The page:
The simultaneous development of ancient imported styles and ones that grew out of an indigenous tradition is also evident in the 'Forms of Design' section, devoted to lacquer, woodwork, ceramics and the tea ceremony. For instance, the utensils employed in what was to become a quintessentially Japanese custom were initially imported from China and Korea. When the first local porcelain factory was opened in 1616, it was initially manned by Korean craftsmen. But in due course, ceramics echoing more native tastes - for example studiedly irregular raku vessels - also became an integral part of the complex tea-drinking ritual.

By 1700, the population of Edo, then one of the largest cities in the world, had reached around one million. A major factor in this explosion was the shoguns' policy of obliging the 260 or so daimyo, or feudal lords, to spend alternate years in the administrative capital and their own provincial fiefdoms - leaving their families behind as pampered and honored hostages. The industries that proliferated to serve this expanding population of residents and dependants promoted the rise of a bourgeois class of merchants, artisans and entertainers. Meanwhile, even the samurai classes, their military duties radically reduced by decades of peace, took up other professions and artistic and artisanal tasks to make a living.

The center of Edo's cultural ferment was the Yoshiwara pleasure district, with its tea houses, taverns, theaters, brothels and courtesans - who became the arbiters of fashion, parading the central thoroughfare with their entourages as though on a catwalk. The most high-ranking of these courtesans presided over salons attended by philosophers, poets, writers, artists, musicians and incognito aristocrats.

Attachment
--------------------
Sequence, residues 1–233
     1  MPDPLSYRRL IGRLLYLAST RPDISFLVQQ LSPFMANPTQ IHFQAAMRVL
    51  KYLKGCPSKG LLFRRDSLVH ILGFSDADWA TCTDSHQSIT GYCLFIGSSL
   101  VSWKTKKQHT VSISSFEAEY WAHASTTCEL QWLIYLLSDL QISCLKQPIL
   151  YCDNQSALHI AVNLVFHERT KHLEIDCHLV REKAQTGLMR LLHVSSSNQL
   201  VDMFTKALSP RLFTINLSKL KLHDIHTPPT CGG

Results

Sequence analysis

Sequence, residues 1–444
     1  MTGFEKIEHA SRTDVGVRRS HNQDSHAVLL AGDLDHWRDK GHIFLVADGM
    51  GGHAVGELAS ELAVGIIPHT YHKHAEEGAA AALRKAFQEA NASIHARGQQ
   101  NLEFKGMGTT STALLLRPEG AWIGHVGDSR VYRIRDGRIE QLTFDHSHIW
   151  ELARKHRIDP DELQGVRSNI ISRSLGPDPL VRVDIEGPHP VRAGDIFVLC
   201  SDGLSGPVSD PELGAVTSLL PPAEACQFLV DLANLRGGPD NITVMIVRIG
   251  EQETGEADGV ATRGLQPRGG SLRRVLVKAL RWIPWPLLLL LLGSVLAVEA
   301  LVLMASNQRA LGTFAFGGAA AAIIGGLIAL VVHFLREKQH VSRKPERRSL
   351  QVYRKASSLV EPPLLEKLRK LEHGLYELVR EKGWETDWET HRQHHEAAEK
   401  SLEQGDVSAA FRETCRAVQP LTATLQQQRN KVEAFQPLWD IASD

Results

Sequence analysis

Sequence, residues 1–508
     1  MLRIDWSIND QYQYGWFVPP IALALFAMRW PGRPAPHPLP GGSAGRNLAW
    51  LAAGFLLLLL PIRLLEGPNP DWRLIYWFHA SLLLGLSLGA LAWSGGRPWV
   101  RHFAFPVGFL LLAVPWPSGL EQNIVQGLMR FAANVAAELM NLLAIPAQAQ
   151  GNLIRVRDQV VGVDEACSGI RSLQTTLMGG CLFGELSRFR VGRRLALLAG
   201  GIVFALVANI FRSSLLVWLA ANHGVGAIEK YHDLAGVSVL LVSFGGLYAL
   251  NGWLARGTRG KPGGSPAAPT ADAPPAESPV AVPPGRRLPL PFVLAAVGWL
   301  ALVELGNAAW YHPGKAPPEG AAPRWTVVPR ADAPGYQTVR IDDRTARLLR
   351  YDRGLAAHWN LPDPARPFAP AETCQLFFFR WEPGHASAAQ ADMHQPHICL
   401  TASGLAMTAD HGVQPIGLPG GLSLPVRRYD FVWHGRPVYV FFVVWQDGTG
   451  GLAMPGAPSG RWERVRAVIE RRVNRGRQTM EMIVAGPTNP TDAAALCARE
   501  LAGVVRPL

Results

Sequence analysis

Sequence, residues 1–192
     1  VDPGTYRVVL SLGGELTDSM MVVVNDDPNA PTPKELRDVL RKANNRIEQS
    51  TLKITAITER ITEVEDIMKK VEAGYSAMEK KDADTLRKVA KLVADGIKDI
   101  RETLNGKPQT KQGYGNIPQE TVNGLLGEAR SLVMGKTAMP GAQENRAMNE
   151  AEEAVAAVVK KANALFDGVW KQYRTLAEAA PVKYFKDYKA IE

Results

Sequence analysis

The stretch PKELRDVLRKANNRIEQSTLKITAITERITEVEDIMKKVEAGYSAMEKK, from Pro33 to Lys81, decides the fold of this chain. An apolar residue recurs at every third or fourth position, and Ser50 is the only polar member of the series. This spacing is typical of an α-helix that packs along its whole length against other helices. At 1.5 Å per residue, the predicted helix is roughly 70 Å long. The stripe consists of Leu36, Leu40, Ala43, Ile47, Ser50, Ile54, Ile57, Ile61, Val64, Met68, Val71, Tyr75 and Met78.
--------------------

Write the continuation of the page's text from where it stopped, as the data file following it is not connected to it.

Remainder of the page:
In another example of the transformation of an imported concept into something profoundly Japanese, a habitué of Yoshiwara, Asai Ryoi, in his 'Ukiyo Monogatari' (Tales of the Floating World) of 1660, metamorphosed ukiyo, the mystical Buddhist idea of impermanence, into the bohemian concept of forgetting reality, of existing for the moment, living the life of the pleasure district to the full, singing songs, drinking sake and 'like an empty gourd on the surface of the water going with the flow.'

Thus already in the 17th century, Yoshiwara with its bourgeois and aristocratic clients, its music, theater, bohemian artists and intellectuals, abundance of prostitutes and high-class 'grandes horizontales,' in many ways prefigured the nightlife of Paris, London and other European capitals in the 19th century.

Edo's pleasure district and its activities produced a new art form, 'ukiyo-e' (pictures of the floating world), the mass-market version being colored wood-block prints, for which many of Japan's finest artists supplied designs, extending the range of the subject matter over time. When these prints arrived in Europe in the late 19th century, they would have a marked influence on the direction of Western art.

'The City' section of the exhibition offers a superlative selection of screens, paintings and prints depicting the diverting, gorgeously colorful life of the pleasure district, including an amusing early 19th-century scroll painting narrating the journey by boat and on foot from Edo to Yoshiwara of three gods of good fortune, by Chobunsai Eishi, and captivating paintings of young beauties, one caught in autumn winds (by Isoda Koryusai) and another a snow storm (by Toensai Kanshi). Leading artists also contributed images for thousands of erotic prints (Shunga), represented here by an exceptionally refined sequence by Hokusai.


First published: International Herald Tribune

© Roderick Conway Morris 1975-2016